On “No Light”, Krell offered “‘No Light’ is a song about contemporary LA, a place simply teeming with unspeakable suffering. It is, like LA, paradoxically and fundamentally also a bop. It’s a song I wrote after an interaction I had during the pandemic, something like a scene from Mulholland Drive, a young woman crawling across the ground in the alley behind my house in a white dress screaming about a ‘pig mask.’”

The next offering from the new record gives a more cutting composition, abrasive textures combine with this euphoric movement and standout harmonic tones. The power of this arrangement is something else, continuously building up the intensive course and pushing the levels and textures to a step further than you’d expect. The beat channels this danceable effort and the slicing of the intensive passages deepens the compelling weight of this voyage. Whilst this brooding textural affluence grips you, the delicate nature of the harmonies softens the vision.

Krell was galvanized following his fifth album, 2018’s dense, noisy and mangled The Anteroom, itself a reaction to 2016’s pop-leaning Care. He finished his PhD in philosophy with a dissertation on the possibility of non-nihilistic metaphysics, completing a journey he’d been on since the earliest days of the HTDW project. Krell wanted to retreat deeper into himself, not to go back to basics, exactly, but to instead “find corners of myself that I had never explored” and “get back into the world.” On a mantra-like interlude on the record, Krell sings over and over that “the only true joy on earth is to escape from the prison of our own false self.” To do this himself, he underwent “clandestine and occult meditation,” including two weeks of complete silence, multiple multi-day meditations, and several dalliances with transformative psychedelic medicine as well.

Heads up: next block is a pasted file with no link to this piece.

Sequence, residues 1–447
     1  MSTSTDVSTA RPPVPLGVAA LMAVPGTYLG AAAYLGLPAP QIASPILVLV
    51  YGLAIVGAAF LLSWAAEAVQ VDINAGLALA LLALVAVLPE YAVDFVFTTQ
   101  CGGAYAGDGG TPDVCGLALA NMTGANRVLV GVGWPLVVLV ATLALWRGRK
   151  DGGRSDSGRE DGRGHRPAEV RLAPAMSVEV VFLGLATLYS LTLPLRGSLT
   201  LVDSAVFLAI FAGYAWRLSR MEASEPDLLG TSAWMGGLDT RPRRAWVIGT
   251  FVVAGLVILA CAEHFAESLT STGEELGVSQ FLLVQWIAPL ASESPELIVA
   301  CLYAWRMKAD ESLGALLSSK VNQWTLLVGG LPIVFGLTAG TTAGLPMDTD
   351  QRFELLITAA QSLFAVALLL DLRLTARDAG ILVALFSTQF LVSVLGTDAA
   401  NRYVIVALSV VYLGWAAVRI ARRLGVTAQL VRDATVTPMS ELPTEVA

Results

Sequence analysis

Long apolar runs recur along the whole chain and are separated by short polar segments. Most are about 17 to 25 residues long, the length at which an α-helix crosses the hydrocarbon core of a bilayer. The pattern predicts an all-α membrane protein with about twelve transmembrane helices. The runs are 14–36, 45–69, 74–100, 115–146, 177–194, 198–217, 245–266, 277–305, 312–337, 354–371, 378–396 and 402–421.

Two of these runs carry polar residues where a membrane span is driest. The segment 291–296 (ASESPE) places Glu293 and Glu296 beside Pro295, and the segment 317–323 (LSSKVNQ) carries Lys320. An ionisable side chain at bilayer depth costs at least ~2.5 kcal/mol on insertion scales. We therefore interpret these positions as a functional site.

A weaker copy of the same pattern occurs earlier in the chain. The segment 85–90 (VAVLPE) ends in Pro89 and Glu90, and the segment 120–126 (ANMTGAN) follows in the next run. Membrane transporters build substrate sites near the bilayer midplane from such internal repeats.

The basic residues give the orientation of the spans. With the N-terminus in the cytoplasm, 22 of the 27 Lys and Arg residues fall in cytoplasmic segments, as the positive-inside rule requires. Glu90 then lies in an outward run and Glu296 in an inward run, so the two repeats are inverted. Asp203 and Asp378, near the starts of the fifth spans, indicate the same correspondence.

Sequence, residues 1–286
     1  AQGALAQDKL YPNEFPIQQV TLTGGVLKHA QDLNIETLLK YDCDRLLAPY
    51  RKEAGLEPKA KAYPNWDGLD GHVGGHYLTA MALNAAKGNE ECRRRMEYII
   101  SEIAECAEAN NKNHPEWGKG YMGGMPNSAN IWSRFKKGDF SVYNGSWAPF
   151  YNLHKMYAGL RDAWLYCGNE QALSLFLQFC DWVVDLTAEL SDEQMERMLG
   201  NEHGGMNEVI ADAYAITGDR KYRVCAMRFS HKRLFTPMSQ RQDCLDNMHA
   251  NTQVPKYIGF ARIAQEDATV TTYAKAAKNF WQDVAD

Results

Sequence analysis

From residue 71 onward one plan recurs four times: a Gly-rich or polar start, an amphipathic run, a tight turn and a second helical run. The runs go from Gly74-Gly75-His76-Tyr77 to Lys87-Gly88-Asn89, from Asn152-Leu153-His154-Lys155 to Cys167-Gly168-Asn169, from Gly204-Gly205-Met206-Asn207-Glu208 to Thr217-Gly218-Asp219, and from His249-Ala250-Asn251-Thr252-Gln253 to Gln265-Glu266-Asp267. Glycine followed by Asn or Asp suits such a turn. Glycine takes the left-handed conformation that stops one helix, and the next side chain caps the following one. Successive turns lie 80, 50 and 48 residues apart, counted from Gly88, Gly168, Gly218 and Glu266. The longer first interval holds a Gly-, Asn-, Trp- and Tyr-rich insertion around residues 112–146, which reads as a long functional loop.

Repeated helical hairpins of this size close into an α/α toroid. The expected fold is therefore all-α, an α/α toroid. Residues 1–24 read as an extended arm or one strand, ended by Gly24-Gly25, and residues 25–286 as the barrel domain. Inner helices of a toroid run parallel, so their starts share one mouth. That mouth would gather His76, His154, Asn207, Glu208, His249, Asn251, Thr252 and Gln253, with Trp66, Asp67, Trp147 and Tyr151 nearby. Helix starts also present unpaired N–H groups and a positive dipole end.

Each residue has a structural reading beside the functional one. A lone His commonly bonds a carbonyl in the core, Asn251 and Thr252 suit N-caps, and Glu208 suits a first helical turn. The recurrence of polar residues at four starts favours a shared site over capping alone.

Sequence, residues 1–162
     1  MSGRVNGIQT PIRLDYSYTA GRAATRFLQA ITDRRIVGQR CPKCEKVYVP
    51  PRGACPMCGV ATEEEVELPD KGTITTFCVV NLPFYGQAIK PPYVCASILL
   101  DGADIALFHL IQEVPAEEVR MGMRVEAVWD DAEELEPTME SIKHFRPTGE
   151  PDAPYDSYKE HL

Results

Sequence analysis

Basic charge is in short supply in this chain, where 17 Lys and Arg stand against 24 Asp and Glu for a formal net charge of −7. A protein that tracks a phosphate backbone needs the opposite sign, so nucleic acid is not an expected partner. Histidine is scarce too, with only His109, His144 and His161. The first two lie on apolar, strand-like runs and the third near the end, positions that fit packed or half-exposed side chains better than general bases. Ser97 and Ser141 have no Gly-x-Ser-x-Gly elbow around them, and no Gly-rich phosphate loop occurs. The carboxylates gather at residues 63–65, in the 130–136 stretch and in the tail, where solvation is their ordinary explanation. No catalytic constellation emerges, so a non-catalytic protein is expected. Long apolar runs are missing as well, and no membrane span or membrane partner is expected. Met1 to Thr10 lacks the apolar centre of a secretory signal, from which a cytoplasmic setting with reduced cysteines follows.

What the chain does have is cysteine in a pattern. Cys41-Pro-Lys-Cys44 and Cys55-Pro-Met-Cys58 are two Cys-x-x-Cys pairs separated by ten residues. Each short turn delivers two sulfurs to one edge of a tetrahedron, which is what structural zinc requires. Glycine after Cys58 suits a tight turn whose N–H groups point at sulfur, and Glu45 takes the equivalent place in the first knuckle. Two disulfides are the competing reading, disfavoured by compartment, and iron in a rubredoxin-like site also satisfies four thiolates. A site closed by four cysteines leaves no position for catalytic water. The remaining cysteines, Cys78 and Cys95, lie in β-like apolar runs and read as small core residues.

Upon releasing The Anteroom, Krell embarked on a solo tour that saw him performing some of the most intense music of his career, playing more than 150 solo shows over two years. He emerged from the tour exhausted and a bit frustrated with the way his music practice had slowly morphed into something that felt less like art and more like a business. “I had to reorient myself towards music in a purer and less restrictive way in order to retrieve what has made music one of the most heart-opening, instructive phenomena in my life,” he says. Krell was in search of not a fresh start, exactly, but instead a return to the open-hearted, uncynical approach to music making that he adopted as a kid, and carried through the release of his haunting breakthrough debut, 2010’s Love Remains, when he was making music in relative anonymity with little external pressure.